Health costs

The Affordable Care Act requires insurers to provide several kinds of preventive care with no cost-sharing from you, including mammograms and routine vaccines. (Fotolia)

No matter how you get your insurance -- through your employer, from a state exchange, from an agent, or directly from an insurance company -- you're paying a bigger share of your health-care costs than in the past. Higher premiums are only part of the picture. Deductibles are rising, provider networks are shrinking, and insurers have been switching from fixed-dollar co-payments to coinsurance, based on a percentage of the cost of care.

Your out-of-pocket costs could rise significantly unless you learn some key strategies to become a better health care shopper. The following moves can help you save hundreds, or even thousands of dollars:

1. Stay in your network

Many insurers are shrinking their networks and including fewer doctors and hospitals.

"The most expensive health care mistake you can make is to go out of your health plan's network," says Jackie Aube, a senior vice-president of Cigna. The cost difference can be huge. Preferred provider organizations (PPOs) usually let you use out-of-network doctors but charge higher co-payments or coinsurance rates -- say, 50 percent for out-of-network care compared with 10 percent for in-network services.

If your plan is a health maintenance organization (HMO), you may not have coverage at all for out-of-network providers except in an emergency.

The out-of-network base price may also be higher because the network's providers agree to the insurer's negotiated rate, but outside providers can charge more. You may also have a higher deductible for out-of-network care and a higher annual limit on your out-of-pocket expenses.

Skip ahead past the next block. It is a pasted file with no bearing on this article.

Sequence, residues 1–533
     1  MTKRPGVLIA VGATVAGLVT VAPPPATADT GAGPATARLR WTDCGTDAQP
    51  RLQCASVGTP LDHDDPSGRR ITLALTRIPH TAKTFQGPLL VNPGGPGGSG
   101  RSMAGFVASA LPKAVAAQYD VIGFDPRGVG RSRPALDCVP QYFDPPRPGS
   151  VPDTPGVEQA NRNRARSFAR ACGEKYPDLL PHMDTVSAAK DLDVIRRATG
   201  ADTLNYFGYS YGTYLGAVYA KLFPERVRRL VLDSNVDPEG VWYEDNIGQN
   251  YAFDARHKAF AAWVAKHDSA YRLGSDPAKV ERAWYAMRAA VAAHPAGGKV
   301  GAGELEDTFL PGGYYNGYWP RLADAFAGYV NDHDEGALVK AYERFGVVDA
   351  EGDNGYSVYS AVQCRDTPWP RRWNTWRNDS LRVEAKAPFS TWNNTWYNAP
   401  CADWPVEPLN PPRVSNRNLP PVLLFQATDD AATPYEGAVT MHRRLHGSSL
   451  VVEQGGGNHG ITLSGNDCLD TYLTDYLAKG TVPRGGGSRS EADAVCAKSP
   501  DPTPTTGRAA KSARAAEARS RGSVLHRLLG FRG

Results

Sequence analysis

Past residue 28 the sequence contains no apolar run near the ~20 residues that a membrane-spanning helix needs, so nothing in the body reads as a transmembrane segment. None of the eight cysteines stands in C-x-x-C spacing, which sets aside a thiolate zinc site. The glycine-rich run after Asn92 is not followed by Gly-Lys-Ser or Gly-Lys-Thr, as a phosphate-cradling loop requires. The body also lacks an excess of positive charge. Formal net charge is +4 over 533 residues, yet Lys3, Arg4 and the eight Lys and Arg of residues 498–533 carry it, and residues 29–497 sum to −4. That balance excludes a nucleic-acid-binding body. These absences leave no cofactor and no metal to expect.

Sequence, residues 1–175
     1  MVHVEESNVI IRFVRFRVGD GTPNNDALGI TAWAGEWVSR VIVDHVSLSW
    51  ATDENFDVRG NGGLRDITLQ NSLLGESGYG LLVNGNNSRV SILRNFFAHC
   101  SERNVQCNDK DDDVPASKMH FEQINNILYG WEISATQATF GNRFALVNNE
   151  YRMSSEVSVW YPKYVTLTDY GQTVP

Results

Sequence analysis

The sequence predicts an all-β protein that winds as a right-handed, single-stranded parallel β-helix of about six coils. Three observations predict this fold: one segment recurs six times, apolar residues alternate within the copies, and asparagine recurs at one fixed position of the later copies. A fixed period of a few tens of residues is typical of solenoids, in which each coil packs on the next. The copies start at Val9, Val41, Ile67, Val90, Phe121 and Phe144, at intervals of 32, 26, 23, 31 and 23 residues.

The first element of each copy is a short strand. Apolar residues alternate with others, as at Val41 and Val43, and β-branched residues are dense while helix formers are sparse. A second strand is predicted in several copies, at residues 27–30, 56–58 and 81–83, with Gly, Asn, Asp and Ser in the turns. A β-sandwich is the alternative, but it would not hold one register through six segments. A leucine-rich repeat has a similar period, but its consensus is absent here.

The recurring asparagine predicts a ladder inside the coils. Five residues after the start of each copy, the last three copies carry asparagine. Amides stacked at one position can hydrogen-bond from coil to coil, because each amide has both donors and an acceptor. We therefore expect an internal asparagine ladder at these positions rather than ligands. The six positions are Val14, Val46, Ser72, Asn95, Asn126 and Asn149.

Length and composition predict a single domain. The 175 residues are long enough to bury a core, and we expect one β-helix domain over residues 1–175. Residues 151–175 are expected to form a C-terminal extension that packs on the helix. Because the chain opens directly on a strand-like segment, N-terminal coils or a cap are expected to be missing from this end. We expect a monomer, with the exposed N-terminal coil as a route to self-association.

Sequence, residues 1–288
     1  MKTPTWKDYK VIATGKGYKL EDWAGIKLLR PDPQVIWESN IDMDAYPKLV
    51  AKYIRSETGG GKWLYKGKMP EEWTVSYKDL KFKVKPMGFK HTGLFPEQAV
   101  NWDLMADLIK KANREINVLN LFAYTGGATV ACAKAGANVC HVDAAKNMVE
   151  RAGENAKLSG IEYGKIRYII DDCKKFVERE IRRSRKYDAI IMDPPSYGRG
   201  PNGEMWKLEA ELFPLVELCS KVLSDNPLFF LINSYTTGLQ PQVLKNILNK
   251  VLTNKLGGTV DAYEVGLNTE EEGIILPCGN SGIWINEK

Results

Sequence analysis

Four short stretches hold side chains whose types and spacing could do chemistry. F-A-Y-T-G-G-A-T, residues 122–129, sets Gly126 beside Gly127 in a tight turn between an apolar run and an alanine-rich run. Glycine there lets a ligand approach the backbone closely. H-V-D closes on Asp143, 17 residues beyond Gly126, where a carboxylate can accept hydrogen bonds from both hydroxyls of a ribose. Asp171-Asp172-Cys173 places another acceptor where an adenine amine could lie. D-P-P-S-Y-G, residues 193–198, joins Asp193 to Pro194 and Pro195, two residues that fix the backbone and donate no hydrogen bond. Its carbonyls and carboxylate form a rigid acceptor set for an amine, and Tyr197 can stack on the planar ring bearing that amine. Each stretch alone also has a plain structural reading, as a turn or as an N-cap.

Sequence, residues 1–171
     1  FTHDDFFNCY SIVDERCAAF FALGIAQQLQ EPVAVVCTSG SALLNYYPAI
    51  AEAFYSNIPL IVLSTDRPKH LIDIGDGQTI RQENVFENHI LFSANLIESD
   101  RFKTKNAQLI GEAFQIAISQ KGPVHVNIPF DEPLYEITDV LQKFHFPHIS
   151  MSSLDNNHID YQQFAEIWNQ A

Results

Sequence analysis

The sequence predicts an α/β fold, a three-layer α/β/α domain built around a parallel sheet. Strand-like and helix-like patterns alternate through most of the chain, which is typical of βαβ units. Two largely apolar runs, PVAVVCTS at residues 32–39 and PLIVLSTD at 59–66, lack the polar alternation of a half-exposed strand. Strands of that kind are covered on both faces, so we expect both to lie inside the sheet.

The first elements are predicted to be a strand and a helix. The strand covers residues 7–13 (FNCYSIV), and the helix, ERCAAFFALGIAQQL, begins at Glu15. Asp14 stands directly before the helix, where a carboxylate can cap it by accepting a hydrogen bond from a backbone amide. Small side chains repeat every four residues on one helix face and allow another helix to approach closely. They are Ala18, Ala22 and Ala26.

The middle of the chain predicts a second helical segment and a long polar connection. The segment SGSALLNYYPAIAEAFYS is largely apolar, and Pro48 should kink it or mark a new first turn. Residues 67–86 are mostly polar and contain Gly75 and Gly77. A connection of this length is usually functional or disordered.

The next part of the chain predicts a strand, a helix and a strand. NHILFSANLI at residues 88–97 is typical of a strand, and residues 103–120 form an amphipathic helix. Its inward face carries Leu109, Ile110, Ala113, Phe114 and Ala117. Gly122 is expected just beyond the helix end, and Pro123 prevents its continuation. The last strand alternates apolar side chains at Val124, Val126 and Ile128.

Before you visit a doctor or have a procedure, ask both your insurer and the providers if they're included in your plan's network. If you're having surgery, check on the surgeon, anesthesiologist and facility.

2. Find out about super-preferred providers

Your health plan may provide extra incentives for you to use certain in-network providers or facilities. The UnitedHealth Premium designation program, for example, recognizes physicians that meet guidelines for providing high-quality, cost-efficient care, and you may pay lower co-payments or coinsurance rates if you use those doctors. Most health plans' search tools can help you find providers who participate in these special programs.

3. Save at stand-alone radiology centers

Different facilities charge vastly different prices for X-rays and tests. The average outpatient hospital cost for MRIs and CAT scans is $1,384 to $1,668, says Aube, but the average radiology center costs $445 to $725. And there can be a huge range between the highest and lowest cost in your area.

For example, among all facilities within 25 miles of New York, the cost of a knee MRI ranges from $238 at a free-standing radiology facility to $2,191 at a local hospital, says Victoria Bogatyrenko, vice-president for innovation at United Healthcare. Most insurers have tools to help you compare the costs of x-rays and tests at different types of facilities in your area.

4. Ask your doctor about cheaper facilities

Your doctor may work at several hospitals or outpatient surgery centers. While the surgeon's charge will be the same, "the hospital's fees can vary by thousands of dollars," says Aube. The cost may be even less at an outpatient surgery center, even though the same doctor is performing the procedure.

For example, the average cost nationwide for a colonoscopy, GI endoscopy or arthroscopy in a hospital is $2,548, but the average cost at an outpatient surgery center is $959, she says. Make sure the facility you choose is in your insurer's network.

5. Avoid the emergency room if you can

Sometimes you can't avoid a trip to the emergency room. But you may be able to go to a much less expensive urgent care center or convenience care clinic for some types of care. Visit an urgent care center for conditions such as minor cuts, burns and sprains, fever and flu symptoms, joint or lower back pain, and urinary tract infections, says Aube.

You may pay even less at a convenience care clinic at a supermarket, pharmacy or other retail store, where a clinician can treat you for sinus infections, rashes, earaches, minor burns and other routine medical conditions, she says.